succumbing to peer pressure

Thursday, June 15, 2006

My brain hurts. In high school and college I used to feel like I was working so hard to grasp some new concept that I could literally feel the new wrinkles forming in my brain (I realize that this is not even the slightest bit true, for a myriad of reasons, only one of which is the lack of physical sense receptors in the brain; but is it true that our brain gets more wrinkled as we develop?). Anyway, today I'm trying to arrange the knowledge already contained up there to work together and figure out a solution to my coding problem. Meanwhile...

I remembered that I used to read this blog, written by a professor at Swarthmore, linked from Amelia's blog. Haven't been there in a while, but it turns out Prof. Burke is embroiled in a debate about a report from the American Council of Trustees and Alumni (ACTA). Turns out ACTA has really run with this whole idea from Horowitz et al about liberal bias in higher education and have commissioned a report to bring attention to this problem, cite examples of 'politicization' in the classroom and generally shame teachers into policing each other. I've written about this before, and how I have a very different perspective on this (alleged) problem, since I believe it's much harder to get into these problems in math/science courses. But Burke makes the point (and I wish ACTA (and others) would listen) that this is a worthwhile endeavor, if instead of addressing politics we focus on 'good' vs. 'bad' teaching.

When I arrived at Swarthmore, one of my colleagues in the Education Program brought in a videotape that had been prepared at Harvard that was designed to sensitize us to diversity issues in the classroom. My problem with the videotape wasn’t so much its politics as the fact that every staged example of “insensitive teaching” was really just a case of bad teaching. The worst was a staged example of a professor in a course on American constitutionalism talking about the Lincoln-Douglas debates and getting annoyed by an African-American student who wanted to talk about the issue of slavery in the debates. The tape was stopped and we were asked what the professor had done wrong. I said, “The professor’s problem is that he’s an idiot: how could any historian regard slavery as irrelevant to a discussion of the Lincoln-Douglas debates?”.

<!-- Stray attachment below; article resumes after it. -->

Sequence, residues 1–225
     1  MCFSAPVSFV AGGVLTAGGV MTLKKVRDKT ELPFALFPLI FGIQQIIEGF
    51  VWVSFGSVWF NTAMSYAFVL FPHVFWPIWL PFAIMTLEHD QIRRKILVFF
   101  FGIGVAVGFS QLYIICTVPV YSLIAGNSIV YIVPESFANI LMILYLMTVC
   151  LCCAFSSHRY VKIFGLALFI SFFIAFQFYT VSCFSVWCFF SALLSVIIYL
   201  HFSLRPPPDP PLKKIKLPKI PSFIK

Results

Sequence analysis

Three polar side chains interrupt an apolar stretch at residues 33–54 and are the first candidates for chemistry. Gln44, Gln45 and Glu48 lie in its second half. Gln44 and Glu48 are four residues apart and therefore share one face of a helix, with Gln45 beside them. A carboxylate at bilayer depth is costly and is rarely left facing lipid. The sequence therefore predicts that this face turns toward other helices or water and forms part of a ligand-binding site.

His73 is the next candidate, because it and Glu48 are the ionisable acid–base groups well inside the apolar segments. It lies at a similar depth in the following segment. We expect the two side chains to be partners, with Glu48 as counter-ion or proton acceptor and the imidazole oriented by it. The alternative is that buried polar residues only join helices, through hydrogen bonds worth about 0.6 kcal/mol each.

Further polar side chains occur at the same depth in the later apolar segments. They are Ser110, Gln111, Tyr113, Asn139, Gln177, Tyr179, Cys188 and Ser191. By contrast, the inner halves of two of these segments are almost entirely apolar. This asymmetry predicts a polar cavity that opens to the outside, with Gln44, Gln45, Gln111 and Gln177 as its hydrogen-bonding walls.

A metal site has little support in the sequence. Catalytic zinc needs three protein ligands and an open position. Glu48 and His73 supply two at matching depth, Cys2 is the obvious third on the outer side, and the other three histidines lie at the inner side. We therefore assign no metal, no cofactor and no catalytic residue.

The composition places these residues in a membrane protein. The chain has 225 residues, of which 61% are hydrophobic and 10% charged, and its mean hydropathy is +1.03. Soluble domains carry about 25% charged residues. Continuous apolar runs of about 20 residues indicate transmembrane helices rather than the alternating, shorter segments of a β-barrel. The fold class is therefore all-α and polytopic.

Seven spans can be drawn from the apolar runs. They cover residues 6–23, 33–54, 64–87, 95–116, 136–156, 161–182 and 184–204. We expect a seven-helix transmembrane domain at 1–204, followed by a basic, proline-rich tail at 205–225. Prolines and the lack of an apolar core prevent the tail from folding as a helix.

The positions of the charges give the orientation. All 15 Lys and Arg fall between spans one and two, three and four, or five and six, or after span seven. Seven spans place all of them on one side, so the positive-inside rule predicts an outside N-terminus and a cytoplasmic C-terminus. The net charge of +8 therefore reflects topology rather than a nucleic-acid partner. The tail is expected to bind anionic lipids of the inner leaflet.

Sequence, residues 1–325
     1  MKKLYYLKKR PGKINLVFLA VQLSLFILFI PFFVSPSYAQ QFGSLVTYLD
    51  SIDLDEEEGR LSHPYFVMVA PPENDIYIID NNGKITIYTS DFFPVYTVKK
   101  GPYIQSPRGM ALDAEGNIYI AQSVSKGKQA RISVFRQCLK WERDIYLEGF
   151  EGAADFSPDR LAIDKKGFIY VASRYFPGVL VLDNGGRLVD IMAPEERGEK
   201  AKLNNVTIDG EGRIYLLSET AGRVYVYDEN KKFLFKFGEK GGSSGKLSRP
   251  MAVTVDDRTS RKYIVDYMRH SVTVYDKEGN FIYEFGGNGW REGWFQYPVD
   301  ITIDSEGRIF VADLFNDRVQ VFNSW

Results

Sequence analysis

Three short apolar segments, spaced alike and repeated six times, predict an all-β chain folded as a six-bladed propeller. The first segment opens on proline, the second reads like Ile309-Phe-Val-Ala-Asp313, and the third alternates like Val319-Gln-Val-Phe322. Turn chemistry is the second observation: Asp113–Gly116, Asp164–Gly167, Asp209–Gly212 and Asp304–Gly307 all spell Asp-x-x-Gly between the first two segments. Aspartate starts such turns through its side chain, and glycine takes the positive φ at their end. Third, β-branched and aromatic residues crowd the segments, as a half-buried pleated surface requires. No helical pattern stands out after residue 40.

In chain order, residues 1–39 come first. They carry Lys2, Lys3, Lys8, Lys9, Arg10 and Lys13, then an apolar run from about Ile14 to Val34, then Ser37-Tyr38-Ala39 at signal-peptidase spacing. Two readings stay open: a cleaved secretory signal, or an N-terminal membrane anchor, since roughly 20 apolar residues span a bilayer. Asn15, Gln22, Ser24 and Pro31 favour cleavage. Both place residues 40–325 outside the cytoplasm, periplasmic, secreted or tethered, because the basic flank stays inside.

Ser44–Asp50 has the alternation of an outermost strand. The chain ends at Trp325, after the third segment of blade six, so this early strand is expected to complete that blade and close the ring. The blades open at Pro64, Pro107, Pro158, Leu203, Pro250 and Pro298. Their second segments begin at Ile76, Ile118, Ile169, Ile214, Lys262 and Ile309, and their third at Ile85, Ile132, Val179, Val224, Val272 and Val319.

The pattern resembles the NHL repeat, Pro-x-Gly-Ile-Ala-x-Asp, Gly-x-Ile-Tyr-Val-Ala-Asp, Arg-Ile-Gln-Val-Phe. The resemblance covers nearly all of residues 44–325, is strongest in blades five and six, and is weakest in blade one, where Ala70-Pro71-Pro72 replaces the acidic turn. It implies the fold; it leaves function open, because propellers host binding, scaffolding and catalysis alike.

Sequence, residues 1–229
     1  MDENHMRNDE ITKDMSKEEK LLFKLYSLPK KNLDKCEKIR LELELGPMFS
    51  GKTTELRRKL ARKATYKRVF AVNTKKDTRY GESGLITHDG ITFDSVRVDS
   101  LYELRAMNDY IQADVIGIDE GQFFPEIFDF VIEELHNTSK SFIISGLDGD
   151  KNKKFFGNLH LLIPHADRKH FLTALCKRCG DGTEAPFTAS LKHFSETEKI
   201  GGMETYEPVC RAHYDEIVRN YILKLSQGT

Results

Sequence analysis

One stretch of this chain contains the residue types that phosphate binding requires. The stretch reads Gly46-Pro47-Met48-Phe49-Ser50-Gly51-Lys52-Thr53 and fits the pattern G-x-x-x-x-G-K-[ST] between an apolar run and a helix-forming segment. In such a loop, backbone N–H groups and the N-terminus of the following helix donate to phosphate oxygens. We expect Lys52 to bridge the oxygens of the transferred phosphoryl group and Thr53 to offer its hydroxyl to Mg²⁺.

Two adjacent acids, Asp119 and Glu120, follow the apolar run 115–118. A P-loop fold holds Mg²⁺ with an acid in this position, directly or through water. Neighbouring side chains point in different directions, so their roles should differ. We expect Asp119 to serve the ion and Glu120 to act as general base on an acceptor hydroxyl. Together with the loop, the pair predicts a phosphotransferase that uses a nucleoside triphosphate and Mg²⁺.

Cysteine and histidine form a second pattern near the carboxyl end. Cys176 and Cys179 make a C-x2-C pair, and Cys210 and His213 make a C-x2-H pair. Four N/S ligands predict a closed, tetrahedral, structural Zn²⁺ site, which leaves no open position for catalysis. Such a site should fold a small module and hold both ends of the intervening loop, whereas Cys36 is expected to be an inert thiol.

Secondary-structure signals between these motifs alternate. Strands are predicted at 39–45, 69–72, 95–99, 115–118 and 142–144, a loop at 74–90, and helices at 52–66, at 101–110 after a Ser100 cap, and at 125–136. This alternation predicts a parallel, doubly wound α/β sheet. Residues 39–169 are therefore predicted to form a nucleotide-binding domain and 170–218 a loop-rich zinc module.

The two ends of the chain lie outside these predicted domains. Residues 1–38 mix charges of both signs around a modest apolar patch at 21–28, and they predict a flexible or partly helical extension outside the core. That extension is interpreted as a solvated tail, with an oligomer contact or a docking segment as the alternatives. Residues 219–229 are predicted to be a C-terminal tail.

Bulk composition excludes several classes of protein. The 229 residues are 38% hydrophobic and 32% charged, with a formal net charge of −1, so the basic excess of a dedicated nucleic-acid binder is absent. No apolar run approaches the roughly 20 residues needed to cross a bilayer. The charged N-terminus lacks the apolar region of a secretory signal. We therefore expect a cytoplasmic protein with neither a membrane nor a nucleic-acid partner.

Bad teaching is bad teaching, regardless of if it's under the guise of narrow methodology or narrow-mindedness regarding the socio-political beliefs of one's students. And like Burke, I think it's both dangerous and incredibly counter-productive to the goal of higher education to go around labeling courses as too politically charged or criticizing syllabi for containing potentially controversial topics. As Burke lays out far more eloquently than I, a) learning should make you uncomfortable and challenge your beliefs; laying out a strong rhetorical argument for your beliefs is an invaluable tool and b) just because a subject is included on a syllabus does not even remotely imply that that particular point of view is being endorsed. Many (all?) subjects contain scholarly works from a variety of perspectives, and in a well-taught class a diverse collection of those points of view will be provided. Examples that are flawed or problematic or contradictory are every bit as valuable to learning (if not moreso) than generally accepted truths. What sort of education are critics of such classes seeking? Burke's essays are a bit long (an initial reaction, an example, and further thoughts parts I and II) , but if you've got some time on your hands, they're well worth it.


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